As I am reminded just before the beginning of General Convention, sometimes our Episcopal Church is a little prone to focusing purely on the physical healing and on matters of social justice. There is a tendency to political activism, and to passing lots of well-meaning resolutions, which will have little to no impact outside of the convention center. The motto of ERD is “Healing a hurting world.” None of this is wrong, but we won’t be able to truly and fully and completely heal the world without bringing God into it.
But it would equally be wrong to focus solely on the spiritual. This seems to be problem of the Corinthians. They take great pride in their spiritual endowments. They excel, Paul says, “in everything—in faith, in speech, in knowledge, in eagerness and love.” (2 Cor. 8:7) But not it appears in putting all these qualities into action! Therefore, Paul talks about testing the genuineness of their love. The action Paul wants them to complete is an act of generosity and financial support for their beleaguered brothers and sisters in Jerusalem. It is wonderful, Paul goes on, that you want to help: “now finish doing it!” (8:11)
Now I don’t want to overdo the sandwich metaphor. But just as a sandwich needs both the flavor of the filling and the protection and extra nourishment of the bread covering, so to faith and action must go together. Action – or works to use that term so beloved of Reformation era Protestants – without faith will not have a long-term impact and will not bring about the transformation that God offers us. Faith without works is dry and without effect. To claim to be a faithful Christian without the visible marks of our faith, without acting as our Lord acted and taught is just not plausible, just not convincing.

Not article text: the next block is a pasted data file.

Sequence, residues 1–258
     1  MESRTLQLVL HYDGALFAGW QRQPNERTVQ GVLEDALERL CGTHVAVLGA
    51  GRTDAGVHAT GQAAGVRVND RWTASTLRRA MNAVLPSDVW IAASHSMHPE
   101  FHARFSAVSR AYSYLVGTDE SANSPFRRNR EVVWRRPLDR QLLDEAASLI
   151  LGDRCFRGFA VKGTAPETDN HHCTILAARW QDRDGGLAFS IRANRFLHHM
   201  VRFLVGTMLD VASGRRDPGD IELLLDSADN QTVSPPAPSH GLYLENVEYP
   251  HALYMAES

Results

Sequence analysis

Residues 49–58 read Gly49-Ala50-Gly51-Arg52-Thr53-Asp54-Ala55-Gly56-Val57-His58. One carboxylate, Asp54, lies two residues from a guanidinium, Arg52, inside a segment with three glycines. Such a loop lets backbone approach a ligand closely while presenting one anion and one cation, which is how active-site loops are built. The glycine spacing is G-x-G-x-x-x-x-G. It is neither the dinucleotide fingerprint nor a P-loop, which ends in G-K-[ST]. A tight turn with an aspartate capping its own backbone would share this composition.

All Anglicans share what are called the Five Marks of Mission. They express, and I quote, “the Anglican Communion’s common commitment to, and understanding of, God’s holistic and integral mission.” They are holistic as they cover both our faith, and our call to transport and transmit that faith, as well as the different ways in which we are called to heal: people, society, and creation. Here they are:
- To proclaim the Good News of the Kingdom
- To teach, baptize and nurture new believers
- To respond to human need by loving service
- To seek to transform unjust structures of society, to challenge violence of every kind and to pursue peace and reconciliation
- To strive to safeguard the integrity of creation and sustain and renew the life of the earth
This is – borrowing Paul’s phrase – a fair balance. Our faith makes us well, and our faith calls us to make all things well in and through Jesus’ name.